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Computer games are hugely popular (over two billion of us play video games – over 30 million in the UK alone), and later in this course we’ll be examining the huge benefits gaming can have on our wellbeing. But the effects of gaming are not always positive. Last year the World Health Organization (WHO)’s diagnostic manual, the International Classification of Diseases (ICD-11), identified “gaming disorder as a mental health disorder. A WHO Q&A describes the condition as:

“a pattern of gaming behavior (‘digital-gaming’ or ‘video-gaming’) characterized by impaired control over gaming, increasing priority given to gaming over other activities to the extent that gaming takes precedence…, and continuation or escalation of gaming despite the occurrence of negative consequences.”

Mental health or moral panic?

Video games have been part of our culture since the 1970s. Accusations that games were addictive came early. A bill “seeking to control ‘space invaders’… and other electronic games” on the basis of “young people becoming…addicted” was defeated in the UK parliament in 1981 by 114 votes to 94, and concerns were raised again in 1987. It wasn’t until the 1990s, though, that public attention began to fixate on computer gaming and its potential effects. As graphics became ever-more realistic (and indeed graphic!), video games overtook video nasties and television as the moral panic du jour. At this point the main concern was not addiction but aggression, which led to the European Leisure Software Publishers Association (ELSPA) launching their voluntary age-rating code in 1994. But addiction remained a concern, as evidenced by a 1993 Wired article about time spent playing online fantasy games. Google Books’ Ngram Viewer shows a steady increase in references to video game addiction throughout most of the ‘90s, with a drop-off at the millennium, and further increase thereafter. Google Trends gives a relatively consistent interest over the last decade, tailing off slightly towards the end of 2017, before a massive spike coincides with the the WHO announcement. Compared against other popularised technological addictions like television, computer, and, more recently, internet addiction, gaming addiction was not the most high-profile issue until the ICD-11 inclusion. So what has gaming got that the others haven’t?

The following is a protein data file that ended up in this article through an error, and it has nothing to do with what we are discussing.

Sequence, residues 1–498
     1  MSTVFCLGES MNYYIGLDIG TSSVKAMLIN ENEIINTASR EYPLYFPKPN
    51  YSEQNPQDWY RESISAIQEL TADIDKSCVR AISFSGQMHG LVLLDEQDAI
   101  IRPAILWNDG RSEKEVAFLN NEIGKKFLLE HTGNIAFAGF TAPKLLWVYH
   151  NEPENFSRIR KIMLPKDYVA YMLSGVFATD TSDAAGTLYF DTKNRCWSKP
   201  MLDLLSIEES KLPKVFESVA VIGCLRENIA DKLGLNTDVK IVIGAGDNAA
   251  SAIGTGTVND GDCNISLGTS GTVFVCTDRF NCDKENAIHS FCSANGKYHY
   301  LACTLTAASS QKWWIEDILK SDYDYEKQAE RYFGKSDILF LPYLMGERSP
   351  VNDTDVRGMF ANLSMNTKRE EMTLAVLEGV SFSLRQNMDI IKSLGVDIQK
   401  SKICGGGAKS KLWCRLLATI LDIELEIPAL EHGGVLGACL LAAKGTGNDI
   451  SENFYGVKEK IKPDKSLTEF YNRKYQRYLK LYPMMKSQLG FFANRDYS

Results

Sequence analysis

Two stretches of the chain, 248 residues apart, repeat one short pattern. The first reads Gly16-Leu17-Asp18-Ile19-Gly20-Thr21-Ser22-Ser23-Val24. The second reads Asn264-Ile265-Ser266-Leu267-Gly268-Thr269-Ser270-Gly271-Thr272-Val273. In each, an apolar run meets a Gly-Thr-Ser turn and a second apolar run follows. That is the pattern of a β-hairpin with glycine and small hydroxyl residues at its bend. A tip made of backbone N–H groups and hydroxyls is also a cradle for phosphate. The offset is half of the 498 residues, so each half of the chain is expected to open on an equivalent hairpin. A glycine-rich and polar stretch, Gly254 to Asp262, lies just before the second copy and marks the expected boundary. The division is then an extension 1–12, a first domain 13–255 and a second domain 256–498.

“There’s no reason to think games are special”, says Professor Andrew Przybylski of the Oxford Internet Institute in a Guardian podcast examining the topic. Computer games have elements designed to hook a player’s interest (such is the nature of entertainment), and these can prove frustratingly compelling. So is it specific aspects of gaming that cause the problems? In-game purchases such as loot boxes may even trigger gambling compulsions, and Belgium recently banned loot boxes for this reason.. Is it the more recognised addiction of gambling that’s the root of the issue, rather than the broader notion of gaming?

A 2016 review of the literature concerning gaming withdrawal symptoms notes that…

“apparent withdrawal [from gaming] may instead be a normal reaction to other stress unrelated to gaming, but where symptoms are typically reduced or managed by regular gaming activity.”

It’s worth remembering that gaming is an entertainment: it’s fun. In a way that our lives might not be. Could “increasing priority given to gaming over other activities” (as the WHO definition states) simply imply that it’s those other activities where the problems really lie? Is gaming disorder a symptom rather than a condition in its own right? If so, is there a risk of underlying causes being missed?

The next level

”For gaming disorder to be diagnosed, the behaviour pattern must be of sufficient severity to result in significant impairment in personal, family, social, educational, occupational or other important areas of functioning and would normally have been evident for at least 12 months.” - WHO, 2018.

The WHO’s use of the term “disorder” rather than “addiction”, is consistent with similar non-substance conditions in ICD-11 such as gambling disorder. But it’s also worth noting that the 2016 review into gaming withdrawal found the available evidence “very underdeveloped”, with “symptoms…documented in fewer than 50 individuals”. The WHO Q&A concurs, but defends the inclusion in ICD-11 as being:

“…based on reviews of available evidence and reflect[ing] a consensus of experts… [It] follows the development of treatment programmes for people with health conditions identical to those characteristic of gaming disorder in many parts of the world, and will result in the increased attention of health professionals to the risks of development of this disorder and, accordingly, to relevant prevention and treatment measures.”

With people already being treated for gaming disorder, if inclusion in ICD-11 leads to an evidence-based development of the treatment measures being employed, that has to be a good thing. After all, a 2017 literature review of internet gaming disorder treatments identified “many areas of study design and reporting in need of improvement” and expressed “a need for studies that provide greater insight into the core psychopathology of Internet gaming disorder”. Perhaps the recognition of gaming disorder will hasten that improvement, but there’s also the risk it will lend credence to treatments not yet robustly proven, while distracting from the diagnosis of deeper-rooted problems.

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This article is from the free online course:

Digital Wellbeing

University of York